When you need to be on medication such as I am on, being pregnant is not something that just happens sometime after you get married. It has to be carefully planned with health professionals, if it happens at all. Then too marriage and raising children are both stressful and there are no guarantees, one that you will remain well and two that you will be a good wife and mother.

I was hoping God would make me some guarantees. At the end of the conference there was going to be ministry time and I hoped that someone with prophetic vision would speak into my life and make the dry bones live. Instead we were to pray for each other and I ended up praying with two young teens and a woman I didn't know. After awkwardly participating in praying for the two teens, I explained I didn't have a dream, and the woman asked if I had had any dreams when I was a child. I mentioned when I was five I wanted to be either a singer or a missionary, but that I couldn't sing very well, I had just really enjoyed it. The woman asked me where I had wanted to go as a missionary and I said to Africa. Eventually she asked me if I had a husband or any children, and when I said I had none she asked me why I wasn't in Africa, what was stopping me. Tears came to my eyes, but I didn't explain the limitations of a mental illness or about how it really wasn't my dream any more. She said she felt I had a big call on my life.

When I came home from the conference the second day, I felt saddened by the fact I hadn't been able to write any dream down. But after speaking with another person who had attended the conference and hadn't written a dream down either, I realized that not every one needs some big, grand dream. Sometimes you need to be behind the scenes supporting others' dreams. And sometimes you just need to be faithful in your small sphere of influence, serving others.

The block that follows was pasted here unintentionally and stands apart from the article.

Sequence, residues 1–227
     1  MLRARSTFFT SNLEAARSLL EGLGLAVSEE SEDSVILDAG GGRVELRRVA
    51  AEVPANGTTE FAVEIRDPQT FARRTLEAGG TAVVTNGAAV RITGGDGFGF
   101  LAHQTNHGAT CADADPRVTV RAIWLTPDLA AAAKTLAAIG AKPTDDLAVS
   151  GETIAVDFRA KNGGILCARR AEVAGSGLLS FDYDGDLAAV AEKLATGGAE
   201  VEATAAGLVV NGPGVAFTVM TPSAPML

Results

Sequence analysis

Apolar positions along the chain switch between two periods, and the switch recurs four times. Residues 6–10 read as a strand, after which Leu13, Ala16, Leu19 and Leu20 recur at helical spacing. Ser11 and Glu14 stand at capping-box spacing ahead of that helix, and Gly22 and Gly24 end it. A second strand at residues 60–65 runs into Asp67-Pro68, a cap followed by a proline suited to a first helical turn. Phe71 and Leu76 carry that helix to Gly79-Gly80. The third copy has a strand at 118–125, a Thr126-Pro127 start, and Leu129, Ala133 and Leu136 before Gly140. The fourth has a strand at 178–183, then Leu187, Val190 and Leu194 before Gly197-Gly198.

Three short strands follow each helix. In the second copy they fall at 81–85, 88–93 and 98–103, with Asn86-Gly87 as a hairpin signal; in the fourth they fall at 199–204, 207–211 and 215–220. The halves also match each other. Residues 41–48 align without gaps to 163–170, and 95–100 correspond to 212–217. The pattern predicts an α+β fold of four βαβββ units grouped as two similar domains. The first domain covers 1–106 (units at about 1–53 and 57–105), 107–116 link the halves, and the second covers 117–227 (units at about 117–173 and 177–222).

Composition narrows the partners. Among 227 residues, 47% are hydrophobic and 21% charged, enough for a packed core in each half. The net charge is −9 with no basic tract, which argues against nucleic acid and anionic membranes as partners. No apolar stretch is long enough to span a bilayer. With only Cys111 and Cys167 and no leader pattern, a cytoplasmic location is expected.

This is the most depressing post I have written in awhile. I wish there were some way to turn it around into the most uplifting post. But I am hurting about some dreams I have already let go of, and some other dreams that I might have to give up on. I am wanting some guarantees. Yeah I would like some grand dream that would add meaning to my life, but I am no longer a dreamer. That part of me is as dead as those dry bones in the valley.

Wednesday, February 19, 2014


It started with a box of chocolates my friend bought me for Christmas. They were assorted Lindor and the box was so enjoyable and also looked so pretty sitting in my room that I bought some more Lindor chocolates, one bag as a gift for a friend who shares my love of chocolate and one for myself to restock my beautiful box. But I ended up eating both bags of chocolate. Then I bought a large chocolate bar for my friend who I hoped to see soon. It was a brand I loved and I ate that too.

Later I bought more Lindor chocolates and managed to keep them for over two weeks without eating them. I forget exactly how many times this scenario played out, but needless to say I still haven't seen my friend and I just ate a Lindt box of chocolates that I got on sale the day before Valentines Day, a box I had intended to give to this friend. It was originally $17 and marked down to $9.99 and I also bought a box to share with my family which was gone by the end of Valentine's day. The second box sat in my desk drawer. I resisted its allure for a few days, but once I got into the box the chocolates disappeared at alarming speed. They were so decadent and luxurious, velvety rich and delectably smooth. Exquisite didn't even begin to describe them.